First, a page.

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Re: (TV) Re: Foxhole

"Philip P. Obbard" <pobbard@yahoo.com> wrote:
> ...reminds me of my all-time favorite Television tribute, Fine's version of
> "See No Evil", from the first tribute CD (http://tv.obbard.com/tribute/), which
> seamlessly substitutes in the guitar solo from "Ain't That Nothin'" (Mark, were
> you subliminally referencing this in your comparison?)

Not unless it was a Freudian slip, because it wouldn't support my point!

My point was that the solo in "Ain't That Nothing" is integral to the song.
I only picked that song because of its similarity to "Foxhole" and because
it appears on the same album.  Also, I do like the tone and fat/thin aspect
of the solo, as someone mentioned, and I can believe this solo would be an 
ornament to any song.

But the real question is not _can_ a solo be moved to another song, (which 
I suppose is possible as long as the rhythm and tempo are roughly the same 
and so is the key, if the solo establishes a key), but does it work equally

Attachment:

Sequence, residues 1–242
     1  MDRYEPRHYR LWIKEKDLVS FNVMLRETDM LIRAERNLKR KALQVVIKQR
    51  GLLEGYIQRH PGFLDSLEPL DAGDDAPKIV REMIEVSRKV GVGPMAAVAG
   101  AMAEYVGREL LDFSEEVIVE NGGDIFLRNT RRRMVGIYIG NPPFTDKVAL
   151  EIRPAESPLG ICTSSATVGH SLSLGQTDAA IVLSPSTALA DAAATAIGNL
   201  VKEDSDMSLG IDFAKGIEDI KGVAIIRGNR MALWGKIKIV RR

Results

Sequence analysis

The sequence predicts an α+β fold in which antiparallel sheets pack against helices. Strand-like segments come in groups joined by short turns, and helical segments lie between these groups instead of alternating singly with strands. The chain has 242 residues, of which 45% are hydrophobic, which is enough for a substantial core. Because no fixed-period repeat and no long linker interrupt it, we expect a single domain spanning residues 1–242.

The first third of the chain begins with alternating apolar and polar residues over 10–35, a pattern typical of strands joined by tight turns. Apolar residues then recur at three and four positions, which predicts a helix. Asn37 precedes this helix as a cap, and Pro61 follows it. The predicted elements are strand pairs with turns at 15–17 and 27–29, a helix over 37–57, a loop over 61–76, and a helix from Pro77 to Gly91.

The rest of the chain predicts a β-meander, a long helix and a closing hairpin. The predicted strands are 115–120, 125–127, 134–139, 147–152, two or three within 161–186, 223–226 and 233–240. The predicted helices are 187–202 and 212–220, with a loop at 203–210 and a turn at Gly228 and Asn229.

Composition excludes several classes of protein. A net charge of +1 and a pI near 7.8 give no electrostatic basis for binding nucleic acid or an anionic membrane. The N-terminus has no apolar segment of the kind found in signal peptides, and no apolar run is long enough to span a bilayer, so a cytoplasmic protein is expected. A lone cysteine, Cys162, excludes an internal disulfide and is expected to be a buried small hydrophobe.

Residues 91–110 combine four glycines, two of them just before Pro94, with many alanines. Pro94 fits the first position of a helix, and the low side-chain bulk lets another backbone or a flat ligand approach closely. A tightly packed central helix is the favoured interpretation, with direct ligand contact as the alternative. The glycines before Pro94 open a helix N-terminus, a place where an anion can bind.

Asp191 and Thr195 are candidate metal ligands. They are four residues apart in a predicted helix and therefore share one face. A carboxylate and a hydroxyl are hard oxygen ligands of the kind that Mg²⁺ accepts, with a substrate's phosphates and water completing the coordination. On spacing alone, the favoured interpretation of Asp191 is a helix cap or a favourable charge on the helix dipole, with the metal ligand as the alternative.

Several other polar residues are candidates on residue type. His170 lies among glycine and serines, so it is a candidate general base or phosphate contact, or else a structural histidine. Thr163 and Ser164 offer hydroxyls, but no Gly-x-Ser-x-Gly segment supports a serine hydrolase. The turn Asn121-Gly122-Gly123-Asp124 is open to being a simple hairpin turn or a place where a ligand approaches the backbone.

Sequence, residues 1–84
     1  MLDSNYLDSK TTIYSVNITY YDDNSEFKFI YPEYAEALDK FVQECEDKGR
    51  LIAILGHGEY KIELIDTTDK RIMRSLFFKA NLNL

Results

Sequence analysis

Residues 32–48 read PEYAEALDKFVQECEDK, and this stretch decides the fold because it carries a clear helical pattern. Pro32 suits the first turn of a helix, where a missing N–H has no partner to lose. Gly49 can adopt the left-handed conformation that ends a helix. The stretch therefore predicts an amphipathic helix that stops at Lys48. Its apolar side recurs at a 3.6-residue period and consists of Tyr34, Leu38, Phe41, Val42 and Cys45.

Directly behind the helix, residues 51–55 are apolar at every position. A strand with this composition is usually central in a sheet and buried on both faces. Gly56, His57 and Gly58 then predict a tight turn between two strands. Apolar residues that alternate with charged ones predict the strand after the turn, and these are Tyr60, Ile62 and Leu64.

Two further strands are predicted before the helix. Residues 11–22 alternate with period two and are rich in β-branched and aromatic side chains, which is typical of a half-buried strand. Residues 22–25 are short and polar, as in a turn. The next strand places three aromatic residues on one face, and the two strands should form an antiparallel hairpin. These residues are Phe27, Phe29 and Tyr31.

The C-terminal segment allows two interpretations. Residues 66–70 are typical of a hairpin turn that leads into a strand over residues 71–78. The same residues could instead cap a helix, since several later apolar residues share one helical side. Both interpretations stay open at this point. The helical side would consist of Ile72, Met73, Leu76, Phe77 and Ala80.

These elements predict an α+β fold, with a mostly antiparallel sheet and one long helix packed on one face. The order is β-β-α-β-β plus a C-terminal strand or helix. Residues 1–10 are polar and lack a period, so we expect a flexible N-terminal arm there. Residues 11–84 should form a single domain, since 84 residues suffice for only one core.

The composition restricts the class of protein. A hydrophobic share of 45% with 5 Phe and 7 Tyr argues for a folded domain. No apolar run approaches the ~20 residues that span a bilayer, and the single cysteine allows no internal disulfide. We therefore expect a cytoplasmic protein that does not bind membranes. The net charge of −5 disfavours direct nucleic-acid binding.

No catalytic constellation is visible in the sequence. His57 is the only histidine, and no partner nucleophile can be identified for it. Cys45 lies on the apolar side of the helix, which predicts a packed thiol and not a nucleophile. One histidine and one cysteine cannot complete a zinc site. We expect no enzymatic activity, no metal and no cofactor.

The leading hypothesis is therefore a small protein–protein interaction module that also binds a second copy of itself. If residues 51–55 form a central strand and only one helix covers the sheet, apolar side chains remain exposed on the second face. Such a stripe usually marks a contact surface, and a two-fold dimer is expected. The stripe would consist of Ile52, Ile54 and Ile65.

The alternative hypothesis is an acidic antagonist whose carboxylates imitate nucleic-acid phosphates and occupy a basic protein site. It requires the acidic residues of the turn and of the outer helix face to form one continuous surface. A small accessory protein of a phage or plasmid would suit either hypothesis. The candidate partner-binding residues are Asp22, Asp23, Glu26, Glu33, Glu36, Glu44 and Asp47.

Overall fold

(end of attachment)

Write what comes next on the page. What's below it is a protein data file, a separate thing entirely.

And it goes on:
well in the new location?

If guitar solos can be moved willy-nilly from one song to another with no
loss of continuity, it doesn't say much for the composition.  I'm enough
of a traditionalist to believe in form: sections of music should be connected
by something and not totally arbitrary (unless you are writing "avant garde"
conceptual music and being arbitrary is the point of your peice--God save
the poor audience!).

Richard Lloyd certainly likes to do solos, but my impression is that he
doesn't favor the gratuitous, ornimental kind that used to be obligatory
part of rock, especially live.  My impression is that he believes that 
solos should be functional in terms of the overall composition.  And I've 
always thought of Verlaine as even more opposed to set-peice solos and 
inclined to an architectural approach.  That's one of the things I like 
best about Television's and Verlaine's music: how little bits of lead 
guitar that are nothing much combine in surprising ways.

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